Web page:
Remember the Drifters, that American doo-wop and R&B / soul vocal group?
They're one of my all-time favorites, as is their 1962 Billboard chart-climbing hit "Up on a Roof" — composed by Gerry Goffin and Carole King.
Never did I expect that tune would come into play during my nightly sports routine.
Yet, it did one snowy night. The night Rolfeman got stuck "up on a roof" — atop The Evening Times.
The scenario played out like this.
A snowstorm earlier in the week had dumped about 10 inches of snow on the Twin Tiers.
A powerful high pressure system followed, settling in over the Great Lakes and Finger Lakes region. Balmy winter temperatures — right around the freezing mark — were the ideal recipe for a snow phenomenon known as Lake Effect.
For those who don't know, snow on the satellite dish anchored atop The Evening Times beehive on North Thomas Avenue could raise havoc, blocking the signal for Associated Press wire service.
So, our nightly task in the sports department was to make sure the dish receiver was cleaned off to ensure AP reception. Wire service usually kicked on about midnight and ran periodically until early morning.
The Lake Effect squall began in earnest in the early evening hours. Huge, moist flakes, about the size of a Titleist golf ball. Some I swear made a "thud" when they landed.
The dish was broomed clean several times that evening. At midnight, the wire service kicked on. All was well.
By 1 a.m., everyone had gone home but me. Around 2 o'clock the AP ticker stopped. Dog-gone it, more snow on the receiver.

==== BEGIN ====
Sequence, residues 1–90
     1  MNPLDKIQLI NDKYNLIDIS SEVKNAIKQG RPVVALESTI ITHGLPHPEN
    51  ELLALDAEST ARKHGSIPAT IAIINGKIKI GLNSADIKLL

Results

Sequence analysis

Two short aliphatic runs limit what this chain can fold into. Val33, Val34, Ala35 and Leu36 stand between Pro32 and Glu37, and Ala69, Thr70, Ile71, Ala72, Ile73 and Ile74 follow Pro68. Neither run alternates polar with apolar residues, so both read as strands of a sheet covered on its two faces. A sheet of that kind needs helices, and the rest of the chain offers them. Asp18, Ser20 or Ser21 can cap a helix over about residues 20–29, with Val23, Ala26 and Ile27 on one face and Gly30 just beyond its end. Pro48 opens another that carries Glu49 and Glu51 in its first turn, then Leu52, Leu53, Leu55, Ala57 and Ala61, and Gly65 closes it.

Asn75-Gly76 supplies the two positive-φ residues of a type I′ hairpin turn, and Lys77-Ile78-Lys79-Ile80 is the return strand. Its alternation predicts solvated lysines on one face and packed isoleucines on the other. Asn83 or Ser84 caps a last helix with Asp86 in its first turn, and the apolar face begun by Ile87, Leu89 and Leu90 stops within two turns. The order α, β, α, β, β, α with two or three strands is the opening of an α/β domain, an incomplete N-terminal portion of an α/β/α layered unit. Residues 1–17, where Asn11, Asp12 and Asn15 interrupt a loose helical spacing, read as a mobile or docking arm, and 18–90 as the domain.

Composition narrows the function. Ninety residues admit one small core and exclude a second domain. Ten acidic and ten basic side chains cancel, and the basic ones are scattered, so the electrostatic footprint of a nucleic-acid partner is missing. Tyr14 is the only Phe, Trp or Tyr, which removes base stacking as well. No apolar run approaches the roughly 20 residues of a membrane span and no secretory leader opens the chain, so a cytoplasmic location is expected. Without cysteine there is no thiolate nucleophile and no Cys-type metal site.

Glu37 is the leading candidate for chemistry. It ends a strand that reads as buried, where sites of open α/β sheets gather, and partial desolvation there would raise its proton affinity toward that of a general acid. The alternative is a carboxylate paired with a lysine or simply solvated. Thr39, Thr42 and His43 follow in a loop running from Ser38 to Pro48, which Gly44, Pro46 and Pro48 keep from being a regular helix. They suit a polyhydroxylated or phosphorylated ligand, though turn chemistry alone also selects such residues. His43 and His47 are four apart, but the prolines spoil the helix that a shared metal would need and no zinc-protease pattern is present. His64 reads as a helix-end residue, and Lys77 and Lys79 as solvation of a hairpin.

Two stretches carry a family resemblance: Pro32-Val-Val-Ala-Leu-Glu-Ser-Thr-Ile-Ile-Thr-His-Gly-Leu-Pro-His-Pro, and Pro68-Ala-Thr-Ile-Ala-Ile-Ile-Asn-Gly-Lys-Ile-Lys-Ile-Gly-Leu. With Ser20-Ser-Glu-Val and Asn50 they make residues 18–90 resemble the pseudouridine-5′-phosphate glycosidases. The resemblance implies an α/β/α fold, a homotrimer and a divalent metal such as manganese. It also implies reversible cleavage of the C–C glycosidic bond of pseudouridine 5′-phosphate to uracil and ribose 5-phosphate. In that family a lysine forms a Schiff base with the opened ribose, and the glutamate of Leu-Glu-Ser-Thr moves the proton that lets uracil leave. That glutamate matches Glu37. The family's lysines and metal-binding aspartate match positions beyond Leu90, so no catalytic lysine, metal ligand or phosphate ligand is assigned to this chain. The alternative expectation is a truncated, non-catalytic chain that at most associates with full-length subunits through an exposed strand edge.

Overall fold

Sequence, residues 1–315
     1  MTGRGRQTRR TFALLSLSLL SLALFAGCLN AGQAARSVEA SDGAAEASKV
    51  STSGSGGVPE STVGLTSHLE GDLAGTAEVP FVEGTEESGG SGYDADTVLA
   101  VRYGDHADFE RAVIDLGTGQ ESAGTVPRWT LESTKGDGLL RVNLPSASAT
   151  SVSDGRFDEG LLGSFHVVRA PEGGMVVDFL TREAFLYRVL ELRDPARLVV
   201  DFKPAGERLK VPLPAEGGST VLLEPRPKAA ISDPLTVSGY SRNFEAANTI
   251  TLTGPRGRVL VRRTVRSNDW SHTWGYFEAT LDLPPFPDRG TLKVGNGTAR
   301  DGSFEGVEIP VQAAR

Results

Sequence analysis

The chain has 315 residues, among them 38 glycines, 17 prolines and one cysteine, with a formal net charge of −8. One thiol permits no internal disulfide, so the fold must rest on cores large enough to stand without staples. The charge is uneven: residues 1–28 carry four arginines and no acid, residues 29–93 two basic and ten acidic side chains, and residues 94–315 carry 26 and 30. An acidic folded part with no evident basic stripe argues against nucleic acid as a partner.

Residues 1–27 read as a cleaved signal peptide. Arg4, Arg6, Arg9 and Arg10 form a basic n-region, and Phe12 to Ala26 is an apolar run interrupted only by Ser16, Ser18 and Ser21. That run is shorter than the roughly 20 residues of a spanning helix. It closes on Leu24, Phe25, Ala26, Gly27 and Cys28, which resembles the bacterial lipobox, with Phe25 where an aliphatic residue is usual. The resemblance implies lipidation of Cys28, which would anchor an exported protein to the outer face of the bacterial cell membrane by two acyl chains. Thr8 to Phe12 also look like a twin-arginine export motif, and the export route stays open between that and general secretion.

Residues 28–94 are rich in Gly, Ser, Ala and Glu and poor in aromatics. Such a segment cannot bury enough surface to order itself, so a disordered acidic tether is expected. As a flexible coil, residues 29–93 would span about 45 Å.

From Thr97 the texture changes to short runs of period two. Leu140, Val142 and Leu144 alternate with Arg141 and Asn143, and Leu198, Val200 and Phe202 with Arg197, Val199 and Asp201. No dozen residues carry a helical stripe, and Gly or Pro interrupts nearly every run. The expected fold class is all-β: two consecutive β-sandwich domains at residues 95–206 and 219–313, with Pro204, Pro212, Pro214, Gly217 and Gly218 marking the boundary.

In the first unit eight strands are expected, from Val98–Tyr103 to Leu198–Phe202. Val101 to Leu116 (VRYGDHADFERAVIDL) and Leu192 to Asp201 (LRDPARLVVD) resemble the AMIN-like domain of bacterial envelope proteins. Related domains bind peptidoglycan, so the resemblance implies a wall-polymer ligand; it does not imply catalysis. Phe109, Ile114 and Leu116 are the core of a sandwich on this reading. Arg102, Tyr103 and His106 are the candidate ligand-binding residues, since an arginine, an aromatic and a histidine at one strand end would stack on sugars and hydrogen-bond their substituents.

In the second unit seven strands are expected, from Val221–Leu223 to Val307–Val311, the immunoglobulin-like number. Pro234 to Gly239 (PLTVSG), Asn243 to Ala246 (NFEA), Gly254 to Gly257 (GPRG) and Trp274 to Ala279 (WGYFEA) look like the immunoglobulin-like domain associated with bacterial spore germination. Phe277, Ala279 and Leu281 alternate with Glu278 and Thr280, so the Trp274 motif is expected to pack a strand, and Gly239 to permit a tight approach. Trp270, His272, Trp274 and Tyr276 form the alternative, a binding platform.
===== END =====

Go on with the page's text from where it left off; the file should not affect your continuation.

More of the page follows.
In haste to head home for a couple hours of shut-eye — wearing just a golf shirt, Wrangler jeans (and obviously underwear, duh!), socks and sneakers — I headed into the press room, grabbed the broom and scaled the wooden ladder to the hatch gateway to the roof.
The escape hatch, as we called it, was kind of tricky, kind of like that found in a submarine or battleship bulkhead. You cranked it open from inside.
Up on the roof, as I swept away the snowy buildup, I drifted — no pun intended — back in time to the snowball days, bonking cars from behind the billboard on Mile Hill in Athens with some of my classmates, who shall remain nameless.
Back to that night. Traffic was at a crawl on North Lehigh. I assume the last-call crowd at the Lehigh Tavern was heading home. Easy targets. What the heck? I made a couple snowballs and fired away. A couple near-misses.
I made more. And fired away. Lo and behold, BONK, I nailed one. Then another.
Exhilaration escalated when a slow-moving Sayre police car came into range. BULLSEYE! I'm not sure if patrolman Eric Keir, a part-time member of Times sports crew, was on duty that night.
But in celebration, I inadvertently bumped the hatch lid. It teetered, then shut. CLICK! That detectable sound meant it was locked — from the inside — and I was on the outside, facing a freezing dilemma.
I don't think cellphones had been invented yet. If they had, I didn't have one. And who in the world could I call at that time of the night anyway?
So, I made the best of it. Chilling beneath the satellite dish. Occasionally, I swept off the receiver. And I threw a couple more snowballs just for kicks.
Fortunately, the press crew arrived early on Saturday mornings. The first pressman rolled in around 5 o'clock. It was Bruce Clark. Seeing my predicament, he laughed so hard I thought he was going to tip over. Kiddingly, he threatened to leave me up there. The nice guy he was, he opened the hatch. Back down the ladder and into the office I went.
The bad news: I really had no time to go home. It was time to go to work.
The good news: We had complete, uninterrupted AP wire service.
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